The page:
The following examples all demonstrate how "reduce" could be used to
       implement the other list-reduction functions in this module. (They are
       not in fact implemented like this, but instead in a more	efficient
       manner in individual C functions).

	   $foo	= reduce { defined($a)		  ? $a :
			   $code->(local $_ = $b) ? $b :
						    undef } undef, @list # first

	   $foo	= reduce { $a >	$b ? $a	: $b } 1..10	   # max
	   $foo	= reduce { $a gt $b ? $a : $b }	'A'..'Z'   # maxstr
	   $foo	= reduce { $a <	$b ? $a	: $b } 1..10	   # min
	   $foo	= reduce { $a lt $b ? $a : $b }	'aa'..'zz' # minstr
	   $foo	= reduce { $a +	$b } 1 .. 10		   # sum
	   $foo	= reduce { $a .	$b } @bar		   # concat

	   $foo	= reduce { $a || $code->(local $_ = $b)	} 0, @bar   # any
	   $foo	= reduce { $a && $code->(local $_ = $b)	} 1, @bar   # all
	   $foo	= reduce { $a && !$code->(local	$_ = $b) } 1, @bar  # none
	   $foo	= reduce { $a || !$code->(local	$_ = $b) } 0, @bar  # notall
	      #	Note that these	implementations	do not fully short-circuit

       If your algorithm requires that "reduce"	produce	an identity value,
       then make sure that you always pass that	identity value as the first
       argument	to prevent "undef" being returned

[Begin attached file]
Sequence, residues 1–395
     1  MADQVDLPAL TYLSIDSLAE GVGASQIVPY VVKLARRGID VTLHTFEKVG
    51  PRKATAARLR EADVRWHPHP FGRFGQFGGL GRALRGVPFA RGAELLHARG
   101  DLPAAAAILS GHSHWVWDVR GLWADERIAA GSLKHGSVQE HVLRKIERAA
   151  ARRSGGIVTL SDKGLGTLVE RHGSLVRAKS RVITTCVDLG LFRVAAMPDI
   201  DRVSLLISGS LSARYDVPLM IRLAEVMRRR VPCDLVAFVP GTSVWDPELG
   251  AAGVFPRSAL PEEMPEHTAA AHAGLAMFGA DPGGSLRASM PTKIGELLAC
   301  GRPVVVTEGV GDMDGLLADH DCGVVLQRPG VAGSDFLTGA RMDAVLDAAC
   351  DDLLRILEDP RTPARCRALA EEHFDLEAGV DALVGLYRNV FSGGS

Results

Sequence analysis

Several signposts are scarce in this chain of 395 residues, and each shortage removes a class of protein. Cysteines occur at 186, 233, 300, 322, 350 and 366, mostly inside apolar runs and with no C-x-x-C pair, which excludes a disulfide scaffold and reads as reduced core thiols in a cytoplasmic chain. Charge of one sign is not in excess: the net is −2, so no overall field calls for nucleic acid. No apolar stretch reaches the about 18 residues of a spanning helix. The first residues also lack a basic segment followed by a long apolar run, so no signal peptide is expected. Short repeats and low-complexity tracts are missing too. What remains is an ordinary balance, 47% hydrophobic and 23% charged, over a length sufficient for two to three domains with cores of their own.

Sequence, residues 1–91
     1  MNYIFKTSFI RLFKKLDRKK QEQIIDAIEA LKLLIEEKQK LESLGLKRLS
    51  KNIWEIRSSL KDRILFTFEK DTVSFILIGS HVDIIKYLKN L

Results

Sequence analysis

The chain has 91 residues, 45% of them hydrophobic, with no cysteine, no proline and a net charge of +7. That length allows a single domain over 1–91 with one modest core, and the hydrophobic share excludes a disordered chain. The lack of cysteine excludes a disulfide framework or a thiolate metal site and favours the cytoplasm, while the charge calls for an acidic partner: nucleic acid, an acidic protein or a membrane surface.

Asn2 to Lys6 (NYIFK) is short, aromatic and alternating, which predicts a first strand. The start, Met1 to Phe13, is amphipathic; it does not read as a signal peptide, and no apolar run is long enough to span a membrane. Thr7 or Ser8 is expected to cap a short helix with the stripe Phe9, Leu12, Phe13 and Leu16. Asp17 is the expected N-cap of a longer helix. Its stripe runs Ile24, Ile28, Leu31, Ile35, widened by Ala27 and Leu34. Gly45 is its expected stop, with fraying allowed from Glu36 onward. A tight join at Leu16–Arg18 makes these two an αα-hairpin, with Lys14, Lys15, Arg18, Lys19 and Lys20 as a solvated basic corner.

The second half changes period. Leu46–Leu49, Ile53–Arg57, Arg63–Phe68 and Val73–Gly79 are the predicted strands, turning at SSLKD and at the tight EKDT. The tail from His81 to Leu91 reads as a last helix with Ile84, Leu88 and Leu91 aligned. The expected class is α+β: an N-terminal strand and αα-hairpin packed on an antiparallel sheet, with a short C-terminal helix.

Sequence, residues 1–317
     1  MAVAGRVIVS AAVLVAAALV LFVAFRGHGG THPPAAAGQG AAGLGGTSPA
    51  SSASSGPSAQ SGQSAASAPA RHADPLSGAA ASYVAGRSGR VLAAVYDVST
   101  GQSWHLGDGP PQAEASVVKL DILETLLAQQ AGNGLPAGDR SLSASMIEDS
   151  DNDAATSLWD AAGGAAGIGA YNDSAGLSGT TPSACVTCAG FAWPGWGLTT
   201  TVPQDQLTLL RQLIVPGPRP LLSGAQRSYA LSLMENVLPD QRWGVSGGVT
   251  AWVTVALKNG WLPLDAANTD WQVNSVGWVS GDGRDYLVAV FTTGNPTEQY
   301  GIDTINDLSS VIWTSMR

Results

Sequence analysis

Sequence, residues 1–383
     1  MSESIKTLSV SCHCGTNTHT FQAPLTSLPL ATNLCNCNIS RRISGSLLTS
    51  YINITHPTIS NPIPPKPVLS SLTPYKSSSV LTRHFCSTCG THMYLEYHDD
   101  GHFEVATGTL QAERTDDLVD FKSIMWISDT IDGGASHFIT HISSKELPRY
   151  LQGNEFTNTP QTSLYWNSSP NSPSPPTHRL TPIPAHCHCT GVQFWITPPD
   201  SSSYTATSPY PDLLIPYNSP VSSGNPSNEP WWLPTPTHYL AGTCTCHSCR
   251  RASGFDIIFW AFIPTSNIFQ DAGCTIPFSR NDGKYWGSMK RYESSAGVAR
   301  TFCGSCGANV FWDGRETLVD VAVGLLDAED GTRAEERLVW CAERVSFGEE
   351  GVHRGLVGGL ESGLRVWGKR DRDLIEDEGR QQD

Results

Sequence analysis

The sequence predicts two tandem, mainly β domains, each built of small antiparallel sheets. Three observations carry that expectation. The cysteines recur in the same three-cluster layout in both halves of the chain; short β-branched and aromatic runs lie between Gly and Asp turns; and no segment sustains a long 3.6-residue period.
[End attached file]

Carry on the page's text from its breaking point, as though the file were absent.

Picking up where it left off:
$foo =	reduce { $a + $b } 0, @values;		   # sum with 0	identity value

       The above example code blocks also suggest how to use "reduce" to build
       a more efficient	combined version of one	of these basic functions and a
       "map" block. For	example, to find the total length of all the strings
       in a list, we could use

	   $total = sum	map { length } @strings;

       However,	this produces a	list of	temporary integer values as long as
       the original list of strings, only to reduce it down to a single	value
       again. We can compute the same result more efficiently by using
       "reduce"	with a code block that accumulates lengths by writing this
       instead as:

	   $total = reduce { $a	+ length $b } 0, @strings

       The other scalar-returning list reduction functions are all
       specialisations of this generic idea.

   reductions
	   @results = reductions { BLOCK } @list

       Since version 1.54.

       Similar to "reduce" except that it also returns the intermediate	values
       along with the final result. As before, $a is set to the	first element
       of the given list, and the "BLOCK" is then called once for remaining